In an interesting revelation made by the Liverpool Echo, it would seem as though there is a possibility for fans to fund the expansion of the Anfield Road end.
Liverpool’s first home game of the season was meant to be played against Burnley in August, however, due to the to redevelopment of Anfield’s Main Stand during the summer, the game was moved to Turf Moor and the Reds played their first game in front of the behemoth of a Main Stand in September against Leicester City.
While the game was a superb watch and the extra 8,500 fans bolstered the home support’s voice, Liverpool’s fans aren’t known for being content with their lot and have since made noises about the expansion of the Anfield Road end.
Last month, Liverpool owner John W. Henry came in for a lot of slack for what seemed to be a dig at supporters regarding last season’s ticket price protest.
Speaking to AP in New York, taken from the Liverpool Echo, he said, “I don’t know if there is a next step because ticket prices are an issue in England. That may foreclose further expansion. We’ll have to see.”
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Ian Ayre, Liverpool’s CEO, spoke to the Liverpool Echo regarding the cost of further expansion and why it might not be viable.
“A stand behind a goal doesn’t have the benefit of hospitality that would go a long way to meet the redevelopment costs,” Ayre said.
“If you consider the redevelopment of Anfield Road from a purely General Admission perspective, building, say, 6,000 extra seats to take the capacity up to 60,000 would cost somewhere between £60m and £70m.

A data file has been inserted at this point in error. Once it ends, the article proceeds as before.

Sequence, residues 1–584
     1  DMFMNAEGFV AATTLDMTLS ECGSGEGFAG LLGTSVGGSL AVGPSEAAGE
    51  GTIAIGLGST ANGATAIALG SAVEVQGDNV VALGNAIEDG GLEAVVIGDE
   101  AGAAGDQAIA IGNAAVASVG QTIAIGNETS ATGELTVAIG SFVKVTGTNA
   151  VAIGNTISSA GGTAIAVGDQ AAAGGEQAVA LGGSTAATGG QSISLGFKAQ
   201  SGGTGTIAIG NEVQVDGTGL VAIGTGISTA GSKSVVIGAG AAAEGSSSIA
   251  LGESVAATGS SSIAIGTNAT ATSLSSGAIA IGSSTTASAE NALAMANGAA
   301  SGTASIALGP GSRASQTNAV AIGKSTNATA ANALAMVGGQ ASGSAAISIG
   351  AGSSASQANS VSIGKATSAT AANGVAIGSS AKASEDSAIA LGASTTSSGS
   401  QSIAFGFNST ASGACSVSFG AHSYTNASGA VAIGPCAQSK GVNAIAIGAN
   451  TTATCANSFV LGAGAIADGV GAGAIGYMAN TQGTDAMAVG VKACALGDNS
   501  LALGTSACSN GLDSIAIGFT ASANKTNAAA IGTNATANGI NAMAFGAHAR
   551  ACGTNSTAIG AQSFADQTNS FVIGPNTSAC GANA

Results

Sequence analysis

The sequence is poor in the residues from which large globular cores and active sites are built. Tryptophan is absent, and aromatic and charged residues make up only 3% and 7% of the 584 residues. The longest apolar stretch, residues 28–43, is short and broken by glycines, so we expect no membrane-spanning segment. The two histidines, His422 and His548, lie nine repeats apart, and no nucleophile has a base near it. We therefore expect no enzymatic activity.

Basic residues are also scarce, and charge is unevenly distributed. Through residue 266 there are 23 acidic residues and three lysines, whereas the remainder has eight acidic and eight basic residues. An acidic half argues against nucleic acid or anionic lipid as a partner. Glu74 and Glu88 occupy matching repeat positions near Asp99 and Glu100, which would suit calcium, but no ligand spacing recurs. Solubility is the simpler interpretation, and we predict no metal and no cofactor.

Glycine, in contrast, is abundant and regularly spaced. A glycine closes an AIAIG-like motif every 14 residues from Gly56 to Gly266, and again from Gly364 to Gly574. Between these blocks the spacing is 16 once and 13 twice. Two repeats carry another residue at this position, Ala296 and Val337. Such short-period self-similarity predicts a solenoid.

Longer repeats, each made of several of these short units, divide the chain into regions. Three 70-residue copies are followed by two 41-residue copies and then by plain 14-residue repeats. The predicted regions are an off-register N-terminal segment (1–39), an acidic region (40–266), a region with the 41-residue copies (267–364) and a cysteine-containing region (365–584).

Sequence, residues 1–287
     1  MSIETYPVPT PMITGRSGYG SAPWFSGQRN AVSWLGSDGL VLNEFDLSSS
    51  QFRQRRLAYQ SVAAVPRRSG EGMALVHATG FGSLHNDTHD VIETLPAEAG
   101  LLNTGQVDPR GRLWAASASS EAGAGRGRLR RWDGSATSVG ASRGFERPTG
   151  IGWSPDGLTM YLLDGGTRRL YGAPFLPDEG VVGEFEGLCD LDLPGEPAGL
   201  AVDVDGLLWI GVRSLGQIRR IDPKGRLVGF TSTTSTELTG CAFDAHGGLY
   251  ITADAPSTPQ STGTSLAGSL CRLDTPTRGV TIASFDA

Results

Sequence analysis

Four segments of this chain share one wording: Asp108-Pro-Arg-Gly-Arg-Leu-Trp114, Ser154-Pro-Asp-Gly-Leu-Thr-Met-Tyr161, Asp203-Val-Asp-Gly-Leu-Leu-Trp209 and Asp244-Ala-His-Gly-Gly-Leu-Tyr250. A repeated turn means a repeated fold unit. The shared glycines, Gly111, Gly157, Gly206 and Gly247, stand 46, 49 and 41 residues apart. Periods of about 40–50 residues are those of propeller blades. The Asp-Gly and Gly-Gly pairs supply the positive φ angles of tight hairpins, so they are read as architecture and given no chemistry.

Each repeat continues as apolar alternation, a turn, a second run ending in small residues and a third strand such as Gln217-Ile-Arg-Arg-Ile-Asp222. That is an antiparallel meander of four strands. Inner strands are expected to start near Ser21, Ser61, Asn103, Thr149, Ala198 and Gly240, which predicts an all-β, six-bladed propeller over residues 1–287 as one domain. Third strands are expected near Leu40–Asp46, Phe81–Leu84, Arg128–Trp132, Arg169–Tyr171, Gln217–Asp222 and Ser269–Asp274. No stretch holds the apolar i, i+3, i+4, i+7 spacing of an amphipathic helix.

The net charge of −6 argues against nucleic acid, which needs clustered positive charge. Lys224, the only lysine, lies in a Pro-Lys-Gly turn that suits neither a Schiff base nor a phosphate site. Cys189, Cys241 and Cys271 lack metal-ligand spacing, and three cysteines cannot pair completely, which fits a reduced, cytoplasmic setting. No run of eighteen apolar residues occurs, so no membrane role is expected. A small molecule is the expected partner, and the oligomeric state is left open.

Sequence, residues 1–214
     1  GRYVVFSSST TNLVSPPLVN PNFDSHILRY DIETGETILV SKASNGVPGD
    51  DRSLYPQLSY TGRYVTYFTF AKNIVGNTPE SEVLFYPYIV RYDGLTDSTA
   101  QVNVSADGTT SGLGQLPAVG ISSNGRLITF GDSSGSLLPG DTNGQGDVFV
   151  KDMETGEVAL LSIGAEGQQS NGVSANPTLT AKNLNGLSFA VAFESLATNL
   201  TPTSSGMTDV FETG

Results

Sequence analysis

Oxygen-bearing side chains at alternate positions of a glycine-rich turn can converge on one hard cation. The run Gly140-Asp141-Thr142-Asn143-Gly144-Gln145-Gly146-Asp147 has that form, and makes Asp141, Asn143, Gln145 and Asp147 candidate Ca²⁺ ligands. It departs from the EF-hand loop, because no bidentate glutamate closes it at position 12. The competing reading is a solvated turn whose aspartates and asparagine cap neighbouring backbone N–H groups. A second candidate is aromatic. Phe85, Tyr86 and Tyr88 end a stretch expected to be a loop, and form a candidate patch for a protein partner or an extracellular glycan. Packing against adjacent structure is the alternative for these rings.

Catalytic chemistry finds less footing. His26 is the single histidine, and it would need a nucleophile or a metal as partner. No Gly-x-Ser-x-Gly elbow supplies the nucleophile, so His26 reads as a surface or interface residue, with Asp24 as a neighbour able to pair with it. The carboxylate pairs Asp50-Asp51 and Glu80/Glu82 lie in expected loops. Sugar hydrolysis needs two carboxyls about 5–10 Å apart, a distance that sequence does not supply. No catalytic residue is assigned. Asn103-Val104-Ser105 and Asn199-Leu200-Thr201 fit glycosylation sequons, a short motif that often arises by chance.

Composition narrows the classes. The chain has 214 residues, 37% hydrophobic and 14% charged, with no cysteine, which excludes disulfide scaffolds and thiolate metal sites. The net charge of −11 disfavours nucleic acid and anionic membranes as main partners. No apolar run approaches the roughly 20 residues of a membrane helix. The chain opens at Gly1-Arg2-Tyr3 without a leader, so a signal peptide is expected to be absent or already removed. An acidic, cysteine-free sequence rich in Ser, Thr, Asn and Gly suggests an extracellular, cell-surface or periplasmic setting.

“At £12,000 to £13,000 per seat, it would take approximately 15 years to pay back, which is not a smart investment for the business. Therefore the Club needs to find a rounded solution that’s in the best interests of the football club.”
While John W. Henry’s position with fans may be somewhat tenuous, supporters are willing to cut out the middle man. Graham Smith, “a representative for Merseyside based supporters on the committee” discussed the possibility of fans funding stadium expansion – and he doesn’t mean a few bake sales.
Smith said, “There are people who would think a 15-year return would make sense, and that’s the supporters. The supporters would fund such a development upfront if the Club made an appeal for financial support.”
Ayre said that while he isn’t in a position to reflect the thinking of the owners, that he believes that the idea of fans becoming involved in their own club’s future is admirable.
“We should have that conversation,” Ayre added.
Liverpool is very much a stirring giant. With Jurgen Klopp slowly but surely restoring the club to its former domestic glory and with Anfield being renovated, big things can be expected of the Merseyside club in the next five years.
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